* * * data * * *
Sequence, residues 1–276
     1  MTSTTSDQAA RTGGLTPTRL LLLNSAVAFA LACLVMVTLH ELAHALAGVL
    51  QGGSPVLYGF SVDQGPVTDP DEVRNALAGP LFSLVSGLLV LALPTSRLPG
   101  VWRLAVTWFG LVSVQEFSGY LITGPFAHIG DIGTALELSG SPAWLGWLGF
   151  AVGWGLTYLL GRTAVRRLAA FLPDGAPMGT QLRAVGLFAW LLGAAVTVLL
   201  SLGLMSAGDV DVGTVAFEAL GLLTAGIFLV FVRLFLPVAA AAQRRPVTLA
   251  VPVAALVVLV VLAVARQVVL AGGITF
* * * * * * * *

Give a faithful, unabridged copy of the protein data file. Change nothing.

Sequence, residues 1–276
     1  MTSTTSDQAA RTGGLTPTRL LLLNSAVAFA LACLVMVTLH ELAHALAGVL
    51  QGGSPVLYGF SVDQGPVTDP DEVRNALAGP LFSLVSGLLV LALPTSRLPG
   101  VWRLAVTWFG LVSVQEFSGY LITGPFAHIG DIGTALELSG SPAWLGWLGF
   151  AVGWGLTYLL GRTAVRRLAA FLPDGAPMGT QLRAVGLFAW LLGAAVTVLL
   201  SLGLMSAGDV DVGTVAFEAL GLLTAGIFLV FVRLFLPVAA AAQRRPVTLA
   251  VPVAALVVLV VLAVARQVVL AGGITF